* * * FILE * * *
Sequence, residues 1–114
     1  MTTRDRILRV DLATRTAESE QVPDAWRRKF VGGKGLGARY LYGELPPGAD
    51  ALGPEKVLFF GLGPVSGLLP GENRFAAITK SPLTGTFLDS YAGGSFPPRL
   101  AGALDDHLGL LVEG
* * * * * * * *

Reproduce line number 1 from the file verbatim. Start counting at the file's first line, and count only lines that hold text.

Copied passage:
Sequence, residues 1–114